Mini grids system to address climate change issues

In Summary
  • The mini grids produce energy for lighting, commercial and other productive uses to business and mainly lighting and phone charging to households.


Courtesy Photo

World Wide Fund Uganda has called for combined efforts towards prioritizing promotion of Renewable Energy in Uganda through mini grids system as a way of tackling issues of climate change as well as economic development.

According to the WWF Uganda Country Director, David Duli, the forest cover in the country has drastically reduced and this loss is partly attributed to the unsustainable use of biomass and encroachment to these resources by the community in search of timber as a source of income.

“There is need for government to prioritize construction of mini grids in off-grid communities around the country and engaging private sector players to invest in the renewable energy solutions to accelerate the uptake and use of these technologies,” said David.

Among its initiatives, WWF is promoting clean energy access and the transition to a low carbon development pathway through rural electrification using solar mini-grids.

In Partnership with the Ministry of Energy and Mineral Development , WWF has installed seven solar mini-grid systems so far, in Kasese and Rubirizi districts with a total generation capacity of 175 kW.

These can potentially supply over 1,800 homes and 200 business centers.

The mini grids produce energy for lighting, commercial and other productive uses to business , lighting and phone charging in households.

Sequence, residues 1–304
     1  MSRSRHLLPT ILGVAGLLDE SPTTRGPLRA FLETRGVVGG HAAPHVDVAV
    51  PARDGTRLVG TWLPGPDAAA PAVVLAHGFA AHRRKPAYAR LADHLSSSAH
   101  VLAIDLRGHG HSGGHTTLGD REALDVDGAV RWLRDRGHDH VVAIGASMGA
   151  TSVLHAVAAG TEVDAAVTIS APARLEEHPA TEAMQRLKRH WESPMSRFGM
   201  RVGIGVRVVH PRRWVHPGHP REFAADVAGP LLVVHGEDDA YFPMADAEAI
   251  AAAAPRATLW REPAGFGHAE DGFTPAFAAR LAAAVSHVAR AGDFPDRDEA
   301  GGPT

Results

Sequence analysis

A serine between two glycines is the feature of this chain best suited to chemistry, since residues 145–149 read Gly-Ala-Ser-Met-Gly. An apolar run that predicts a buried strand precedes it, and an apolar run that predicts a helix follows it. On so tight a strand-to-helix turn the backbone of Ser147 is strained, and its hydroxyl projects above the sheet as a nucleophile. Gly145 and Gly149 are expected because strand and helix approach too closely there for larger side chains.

This has created new opportunities for livelihood improvement through productive use of electricity, creation of new jobs especially for the youth and contribution to sustainable and inclusive economic growth in these rural communities.

Additionally, WWF under the same project supported by the European Union has distributed 11,200 solar home systems, a move that has increased access to solar use by the off-grid communities.

A study by World Bank 2016 revealed that electricity is affordable if 30 units of electricity (kWh) a month costs not more than 5% of household income. Yet most of the communities in Uganda (95%) live in rural areas and below the poverty line (0.88USD – 1.04USD/person/day).

Uganda has 34 installed mini-grids that are currently serving approximately 20,000 households. This is less than 1% of the 7.3 million households in the country.

Uganda’s renewable energy potential has not been fully exploited beyond hydro power.  In 2009, Uganda created feed-in tariffs for renewable energy and the Modern Energy Service Programme in 2011 to promote bio-fuels.

Currently, biomass supplies about 90% of the country’s energy needs. Biomass utilization together with the population growth have put much pressure on Uganda’s forests, which covered 26.4% of the country’s surface in 2018 and has been decreased by 18% since 2000.